With each passing day it becomes more apparent to me that there are two public school systems in Chicago: the imaginary one in Mayor Rahm Emanuel's press releases and pronouncements and the other one that's, you know, real.
In the mayor's official statements, the schools suck. All of them, even if they don't. They suck because students don't spend enough time in the classroom. And they don't spend enough time in the classroom because the last mayor—whose name Rahm will not mention when he's being critical—chickened out when it came to negotiating a contract because he didn't want a teachers strike. The wuss.
The new mayor sure as hell isn't afraid of a strike. Bring it on, bitch! He's gonna deliver this longer school day to Chicagoans whether they think they want it or not!
Whoa, sorry—I always get carried away when I'm conjuring up my inner Rahm.
Meanwhile, back in the real world, it's a lot more complicated, as real worlds tend to be.
Whether he realizes it or not, Mayor Emanuel rules over a vast and diverse conglomeration of different kinds of schools.
There are neighborhood schools in poor neighborhoods, which are different from neighborhood schools in gentrifying neighborhoods, which are different from magnet schools that enroll kids from all over the city. And they're different from selective-enrollment schools that take only the highest-scoring test-takers who have been number one, two, or three in just about everything they've tried since infancy.
It's so competitive to get into the limited enrollment high schools that even many of the smartest of the smartest kids can't get in. A recent Sun-Times headline pretty much said it all: "Scoring a slot at some CPS college preps: Near perfection required."
Yes, many schools are struggling, as Mayor Emanuel keeps telling us. But many schools are also excelling. In fact, nine of the ten top-scoring grammar schools in the state—yes, the state—come from CPS. In addition, about a third of Chicago public elementary schools have across-the-board excellence in test taking, with at least 80 percent of their students meeting or exceeding national standards.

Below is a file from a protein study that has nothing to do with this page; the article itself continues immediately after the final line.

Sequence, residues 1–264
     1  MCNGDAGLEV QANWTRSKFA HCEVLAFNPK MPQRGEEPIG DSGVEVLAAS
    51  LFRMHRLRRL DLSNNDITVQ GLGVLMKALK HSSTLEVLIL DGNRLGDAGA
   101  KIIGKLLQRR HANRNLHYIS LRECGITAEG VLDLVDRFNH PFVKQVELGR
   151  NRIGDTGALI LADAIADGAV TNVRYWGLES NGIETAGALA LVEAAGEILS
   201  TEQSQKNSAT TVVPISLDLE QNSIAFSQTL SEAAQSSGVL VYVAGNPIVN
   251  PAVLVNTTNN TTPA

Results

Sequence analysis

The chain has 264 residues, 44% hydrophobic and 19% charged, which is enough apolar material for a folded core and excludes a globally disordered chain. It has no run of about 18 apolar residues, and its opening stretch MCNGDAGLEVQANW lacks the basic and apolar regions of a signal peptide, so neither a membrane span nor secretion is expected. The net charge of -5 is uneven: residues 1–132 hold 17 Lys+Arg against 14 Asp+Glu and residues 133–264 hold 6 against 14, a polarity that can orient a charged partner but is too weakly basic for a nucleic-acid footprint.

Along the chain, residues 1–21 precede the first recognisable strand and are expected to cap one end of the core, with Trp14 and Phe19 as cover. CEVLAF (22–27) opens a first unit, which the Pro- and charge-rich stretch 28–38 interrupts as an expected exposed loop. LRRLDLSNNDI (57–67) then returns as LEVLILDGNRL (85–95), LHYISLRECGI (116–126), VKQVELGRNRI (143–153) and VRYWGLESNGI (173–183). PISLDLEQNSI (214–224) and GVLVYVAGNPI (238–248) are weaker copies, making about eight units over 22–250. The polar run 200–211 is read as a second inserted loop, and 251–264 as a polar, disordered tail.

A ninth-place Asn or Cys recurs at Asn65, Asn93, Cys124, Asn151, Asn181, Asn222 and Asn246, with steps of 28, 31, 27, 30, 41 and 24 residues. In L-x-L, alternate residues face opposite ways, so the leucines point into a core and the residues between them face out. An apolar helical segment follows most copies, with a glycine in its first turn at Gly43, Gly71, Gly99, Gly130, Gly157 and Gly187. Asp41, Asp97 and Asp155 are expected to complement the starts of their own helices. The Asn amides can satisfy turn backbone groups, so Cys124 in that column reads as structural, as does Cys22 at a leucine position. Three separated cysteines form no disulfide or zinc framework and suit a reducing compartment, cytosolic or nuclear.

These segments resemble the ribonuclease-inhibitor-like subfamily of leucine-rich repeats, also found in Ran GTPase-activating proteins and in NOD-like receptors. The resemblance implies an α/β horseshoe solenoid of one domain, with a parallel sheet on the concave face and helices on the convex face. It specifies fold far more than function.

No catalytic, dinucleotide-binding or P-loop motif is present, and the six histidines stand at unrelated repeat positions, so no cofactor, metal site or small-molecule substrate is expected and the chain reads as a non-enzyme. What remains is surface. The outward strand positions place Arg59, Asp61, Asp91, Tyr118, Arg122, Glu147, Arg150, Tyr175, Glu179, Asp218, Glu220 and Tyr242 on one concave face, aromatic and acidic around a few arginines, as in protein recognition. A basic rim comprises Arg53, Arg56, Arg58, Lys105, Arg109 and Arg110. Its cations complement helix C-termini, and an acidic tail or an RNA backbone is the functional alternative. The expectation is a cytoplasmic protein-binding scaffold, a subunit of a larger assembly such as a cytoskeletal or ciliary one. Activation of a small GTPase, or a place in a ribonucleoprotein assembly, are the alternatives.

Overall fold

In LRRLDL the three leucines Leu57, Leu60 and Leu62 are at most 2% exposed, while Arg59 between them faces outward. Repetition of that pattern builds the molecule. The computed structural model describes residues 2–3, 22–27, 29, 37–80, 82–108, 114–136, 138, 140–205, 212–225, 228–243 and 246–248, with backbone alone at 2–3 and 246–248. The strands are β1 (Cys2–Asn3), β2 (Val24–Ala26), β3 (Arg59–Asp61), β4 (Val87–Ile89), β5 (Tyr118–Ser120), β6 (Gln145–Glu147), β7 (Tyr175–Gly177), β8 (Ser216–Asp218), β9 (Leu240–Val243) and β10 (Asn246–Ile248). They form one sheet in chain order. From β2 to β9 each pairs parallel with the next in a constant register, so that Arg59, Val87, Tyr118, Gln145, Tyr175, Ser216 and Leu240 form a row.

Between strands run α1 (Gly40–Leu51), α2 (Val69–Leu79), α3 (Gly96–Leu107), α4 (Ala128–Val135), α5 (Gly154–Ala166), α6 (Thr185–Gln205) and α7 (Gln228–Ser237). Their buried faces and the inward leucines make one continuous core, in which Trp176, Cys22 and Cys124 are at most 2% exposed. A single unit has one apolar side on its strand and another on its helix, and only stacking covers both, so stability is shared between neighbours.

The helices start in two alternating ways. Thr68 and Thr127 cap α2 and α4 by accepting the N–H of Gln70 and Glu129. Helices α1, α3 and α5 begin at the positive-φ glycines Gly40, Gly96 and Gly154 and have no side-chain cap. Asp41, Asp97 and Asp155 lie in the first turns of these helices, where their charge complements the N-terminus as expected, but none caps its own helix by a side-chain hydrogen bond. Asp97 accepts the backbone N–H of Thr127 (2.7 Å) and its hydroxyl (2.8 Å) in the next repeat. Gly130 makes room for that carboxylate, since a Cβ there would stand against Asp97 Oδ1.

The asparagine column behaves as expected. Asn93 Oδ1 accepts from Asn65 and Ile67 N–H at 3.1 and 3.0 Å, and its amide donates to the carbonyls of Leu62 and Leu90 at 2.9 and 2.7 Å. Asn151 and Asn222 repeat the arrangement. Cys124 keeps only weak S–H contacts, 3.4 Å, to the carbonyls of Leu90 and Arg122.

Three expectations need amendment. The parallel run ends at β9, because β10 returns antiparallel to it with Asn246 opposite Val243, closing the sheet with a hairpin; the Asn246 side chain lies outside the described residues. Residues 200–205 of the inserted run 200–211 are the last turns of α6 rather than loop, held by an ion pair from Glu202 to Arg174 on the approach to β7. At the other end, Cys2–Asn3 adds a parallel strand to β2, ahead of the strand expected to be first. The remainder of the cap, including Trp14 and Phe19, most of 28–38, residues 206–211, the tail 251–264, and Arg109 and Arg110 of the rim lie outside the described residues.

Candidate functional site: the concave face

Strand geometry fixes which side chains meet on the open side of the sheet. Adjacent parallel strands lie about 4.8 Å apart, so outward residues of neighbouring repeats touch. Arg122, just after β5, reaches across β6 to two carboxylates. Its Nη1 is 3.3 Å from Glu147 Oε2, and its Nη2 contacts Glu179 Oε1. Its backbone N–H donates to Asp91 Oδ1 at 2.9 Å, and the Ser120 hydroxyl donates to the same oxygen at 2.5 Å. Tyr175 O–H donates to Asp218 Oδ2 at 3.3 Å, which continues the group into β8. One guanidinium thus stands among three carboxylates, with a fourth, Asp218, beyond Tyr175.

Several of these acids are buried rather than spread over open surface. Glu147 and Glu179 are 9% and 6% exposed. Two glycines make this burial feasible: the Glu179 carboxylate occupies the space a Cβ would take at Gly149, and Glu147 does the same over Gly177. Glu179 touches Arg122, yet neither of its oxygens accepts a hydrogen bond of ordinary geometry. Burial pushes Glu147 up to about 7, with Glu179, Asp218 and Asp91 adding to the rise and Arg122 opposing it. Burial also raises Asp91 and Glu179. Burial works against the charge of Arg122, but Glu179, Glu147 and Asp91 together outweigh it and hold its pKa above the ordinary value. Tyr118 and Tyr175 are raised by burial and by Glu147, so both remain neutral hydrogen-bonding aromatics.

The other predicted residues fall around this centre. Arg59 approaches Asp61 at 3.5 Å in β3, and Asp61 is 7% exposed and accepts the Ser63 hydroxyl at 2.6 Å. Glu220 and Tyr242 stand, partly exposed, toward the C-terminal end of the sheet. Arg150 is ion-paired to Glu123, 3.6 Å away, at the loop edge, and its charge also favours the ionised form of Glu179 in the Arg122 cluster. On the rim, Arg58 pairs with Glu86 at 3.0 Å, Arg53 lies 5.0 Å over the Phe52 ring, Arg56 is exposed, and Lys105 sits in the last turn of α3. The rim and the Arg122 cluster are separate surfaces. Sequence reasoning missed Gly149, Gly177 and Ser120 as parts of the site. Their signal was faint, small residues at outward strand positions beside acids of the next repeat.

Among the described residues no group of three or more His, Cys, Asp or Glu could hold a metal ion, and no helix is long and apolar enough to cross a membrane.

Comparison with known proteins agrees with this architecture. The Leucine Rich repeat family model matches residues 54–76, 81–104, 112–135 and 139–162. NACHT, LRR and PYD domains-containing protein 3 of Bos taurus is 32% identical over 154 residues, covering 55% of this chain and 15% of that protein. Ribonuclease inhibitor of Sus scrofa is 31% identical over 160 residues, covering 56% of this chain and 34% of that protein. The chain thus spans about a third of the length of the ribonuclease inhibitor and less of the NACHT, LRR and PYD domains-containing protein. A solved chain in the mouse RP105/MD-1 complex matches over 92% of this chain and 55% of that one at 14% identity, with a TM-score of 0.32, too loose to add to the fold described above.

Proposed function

And I'm not just talking about the limited-enrollment schools for "smart kids." Some are ordinary neighborhood schools—including Edgebrook, Blaine, and Mount Greenwood—that are open to any kid within their boundaries.
Keep in mind that these accomplishments are happening in a perpetually bankrupt system that's so broke it can't afford art, music, drama, or recess in grammar schools. That's right—no recess! They haven't had it for years, the result of a long story involving some really bad decisions made years ago by teachers, administrators, and parents.
In short, they're succeeding already. So why is the mayor insisting that all schools—high scorers included—add up to 105 minutes to their day?
Well, if you ask me—and it is my column—the mayor's stubbornly sticking to a narrative he stitched together for last year's mayoral campaign.
The only problem is that many parents in the highest-achieving schools don't want the extra time. Or they want some extra time, just not the full 105 minutes pushed by the mayor. Or if they get some extra time, they want to make sure it comes with money to fund constructive things for their kids to do, like music, drama, or art. They're not big on the idea of the mayor forcing their kids to spend an extra hour or more every day twiddling their thumbs so he can make good on a campaign promise.
In order to win over parents, Emanuel's educational operatives have been going from school to school telling parents the mayor knows what's good for them even if they don't realize it.
"We had an information meeting and this official from the central office is telling us that if we don't start demanding a seven-and-one-half hour day, our children won't go to college," says Michelle Bever, a parent at Mt. Greenwood elementary school on the far southwest side. "Our parents said our test scores are fantastic—we were written up in Chicago magazine. He said, 'They're not as good as you think they are.'"
As a result, Emanuel is facing a mini-revolt from parents at schools in Beverly and Mount Greenwood, where opposition to the longer-day policy is strong.
"This is an unfunded mandate," says Bever. "If we're scoring high, why should we take the extra time—especially if they don't know what they're going to do with it?"